Today the folks at Parallels have unveiled Parallels 2X Remote Application Server, the first RDP Client for Raspberry Pi. This system will enable Raspberry Pi users to access windows virtual applications and remote desktops alike. With Parallels 2X RAS, as they also call it, users will have the ability to deliver applications to any device - Chromebooks, Windows PCs, Mac computers, Android, iOS, Windows Phone, Linux workstations, HTML5 browsers and of course, strangest and most awesome of all, the device family known as Raspberry Pi.

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Lenovo ThinkCentre Chromebox Tiny aimed at schools, enterprise

Lenovo ThinkCentre Chromebox Tiny aimed at schools, enterprise

At a squat 7-inches tall and a slim 1.4-inches wide, the new Lenovo ThinkCentre Chromebox Tiny doesn’t try to take up too much space. It’s also only 2.2 pounds, so mounting it won’t be a problem for those who like a clutter-free environment. To that crowd, Lenovo is making the ThinkCentre Chromebox available for use with their Tiny-in-one 23-inch monitor. Aimed at education and enterprise, the ThinkCentre Chromebox will be made available in June, and starts at $199.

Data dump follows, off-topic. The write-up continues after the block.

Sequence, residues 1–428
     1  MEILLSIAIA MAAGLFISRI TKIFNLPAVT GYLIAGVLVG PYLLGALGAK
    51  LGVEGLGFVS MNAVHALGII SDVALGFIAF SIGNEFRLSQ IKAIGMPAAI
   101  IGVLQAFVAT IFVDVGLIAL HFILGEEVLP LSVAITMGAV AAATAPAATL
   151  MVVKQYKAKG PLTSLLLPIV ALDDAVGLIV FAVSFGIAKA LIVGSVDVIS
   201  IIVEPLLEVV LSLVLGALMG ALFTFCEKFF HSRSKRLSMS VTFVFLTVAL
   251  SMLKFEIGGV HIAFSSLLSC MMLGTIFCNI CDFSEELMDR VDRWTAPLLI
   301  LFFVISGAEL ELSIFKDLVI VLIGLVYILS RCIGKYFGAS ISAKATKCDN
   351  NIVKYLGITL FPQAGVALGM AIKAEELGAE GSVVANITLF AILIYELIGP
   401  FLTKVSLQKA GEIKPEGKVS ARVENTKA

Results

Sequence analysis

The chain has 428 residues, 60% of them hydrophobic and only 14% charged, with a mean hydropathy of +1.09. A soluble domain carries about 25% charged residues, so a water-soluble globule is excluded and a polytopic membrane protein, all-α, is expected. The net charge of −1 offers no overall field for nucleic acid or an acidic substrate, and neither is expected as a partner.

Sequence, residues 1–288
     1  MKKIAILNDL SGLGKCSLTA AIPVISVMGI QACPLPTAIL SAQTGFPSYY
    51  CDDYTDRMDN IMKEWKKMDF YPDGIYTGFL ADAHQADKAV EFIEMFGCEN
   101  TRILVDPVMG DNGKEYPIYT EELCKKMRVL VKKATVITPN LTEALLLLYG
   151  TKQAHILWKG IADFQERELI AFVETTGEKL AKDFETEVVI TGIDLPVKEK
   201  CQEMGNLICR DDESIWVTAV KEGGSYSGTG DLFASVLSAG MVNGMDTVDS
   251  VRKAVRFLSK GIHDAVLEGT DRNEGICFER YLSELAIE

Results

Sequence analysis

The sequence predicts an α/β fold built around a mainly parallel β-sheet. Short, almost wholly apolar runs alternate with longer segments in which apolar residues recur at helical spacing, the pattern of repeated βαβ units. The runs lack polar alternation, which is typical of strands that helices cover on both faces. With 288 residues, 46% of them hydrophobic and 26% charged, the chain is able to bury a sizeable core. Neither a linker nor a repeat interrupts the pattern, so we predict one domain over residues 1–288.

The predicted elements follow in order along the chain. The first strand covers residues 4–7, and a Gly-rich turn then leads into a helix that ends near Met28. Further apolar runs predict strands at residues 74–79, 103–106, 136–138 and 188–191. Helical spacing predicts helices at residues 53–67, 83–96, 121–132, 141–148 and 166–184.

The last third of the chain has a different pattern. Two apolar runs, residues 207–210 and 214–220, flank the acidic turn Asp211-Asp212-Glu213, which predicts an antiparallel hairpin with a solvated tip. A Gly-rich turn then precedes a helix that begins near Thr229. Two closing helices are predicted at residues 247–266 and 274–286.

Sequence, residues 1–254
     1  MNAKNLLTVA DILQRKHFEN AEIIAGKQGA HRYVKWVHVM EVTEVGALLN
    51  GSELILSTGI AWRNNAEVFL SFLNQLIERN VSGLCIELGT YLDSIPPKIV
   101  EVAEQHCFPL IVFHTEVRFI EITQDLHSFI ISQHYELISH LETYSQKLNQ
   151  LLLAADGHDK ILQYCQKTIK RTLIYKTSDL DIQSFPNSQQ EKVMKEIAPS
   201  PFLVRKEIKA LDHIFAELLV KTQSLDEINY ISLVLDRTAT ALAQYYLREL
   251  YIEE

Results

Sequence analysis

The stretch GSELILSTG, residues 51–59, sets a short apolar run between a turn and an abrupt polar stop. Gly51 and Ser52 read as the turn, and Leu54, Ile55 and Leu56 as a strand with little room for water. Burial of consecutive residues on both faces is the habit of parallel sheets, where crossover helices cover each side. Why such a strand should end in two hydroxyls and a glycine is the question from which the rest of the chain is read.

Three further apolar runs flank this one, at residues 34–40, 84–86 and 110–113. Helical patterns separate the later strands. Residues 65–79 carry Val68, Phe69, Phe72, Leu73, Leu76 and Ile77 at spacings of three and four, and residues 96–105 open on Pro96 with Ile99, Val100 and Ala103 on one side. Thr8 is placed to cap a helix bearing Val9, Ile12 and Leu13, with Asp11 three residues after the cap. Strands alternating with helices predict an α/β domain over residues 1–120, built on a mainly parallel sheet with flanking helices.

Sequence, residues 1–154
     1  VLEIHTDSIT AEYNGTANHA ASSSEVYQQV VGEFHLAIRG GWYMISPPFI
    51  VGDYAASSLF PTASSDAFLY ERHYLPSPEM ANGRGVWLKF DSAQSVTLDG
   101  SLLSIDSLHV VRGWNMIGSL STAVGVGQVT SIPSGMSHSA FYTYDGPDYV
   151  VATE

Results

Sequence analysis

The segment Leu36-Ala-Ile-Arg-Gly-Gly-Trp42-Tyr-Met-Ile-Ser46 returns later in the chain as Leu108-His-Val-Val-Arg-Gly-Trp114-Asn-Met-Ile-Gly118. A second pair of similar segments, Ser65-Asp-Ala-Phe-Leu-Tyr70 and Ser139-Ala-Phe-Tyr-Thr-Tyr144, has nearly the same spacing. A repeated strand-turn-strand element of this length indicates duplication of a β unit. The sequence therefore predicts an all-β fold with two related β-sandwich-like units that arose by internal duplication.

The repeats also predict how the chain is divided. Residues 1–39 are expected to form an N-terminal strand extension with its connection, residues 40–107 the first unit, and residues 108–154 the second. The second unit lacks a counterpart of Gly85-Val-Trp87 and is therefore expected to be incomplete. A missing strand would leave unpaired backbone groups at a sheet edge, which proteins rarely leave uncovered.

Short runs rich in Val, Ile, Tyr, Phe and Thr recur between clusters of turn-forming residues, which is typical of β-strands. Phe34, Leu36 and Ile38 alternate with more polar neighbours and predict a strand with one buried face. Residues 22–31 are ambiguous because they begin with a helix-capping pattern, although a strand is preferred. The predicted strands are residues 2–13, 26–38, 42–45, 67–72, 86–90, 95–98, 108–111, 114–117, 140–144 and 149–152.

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Google preps first-ever Chrome Live event to woo businesses

Google preps first-ever Chrome Live event to woo businesses

Google might now be synonymous with search and Android more than anything else, but it isn't about to let its other platform fall by the wayside. It has been pushing Chrome more aggressively in recent weeks, particularly with Chrome OS and surrounding devices. Now, it is about ready to let Chrome come out of its skin. In two weeks' time, it will be holding its first ever "Chrome Live" online event that will be pushing Chrome forward into a relatively new territory and with a slightly new name: Chrome for Work.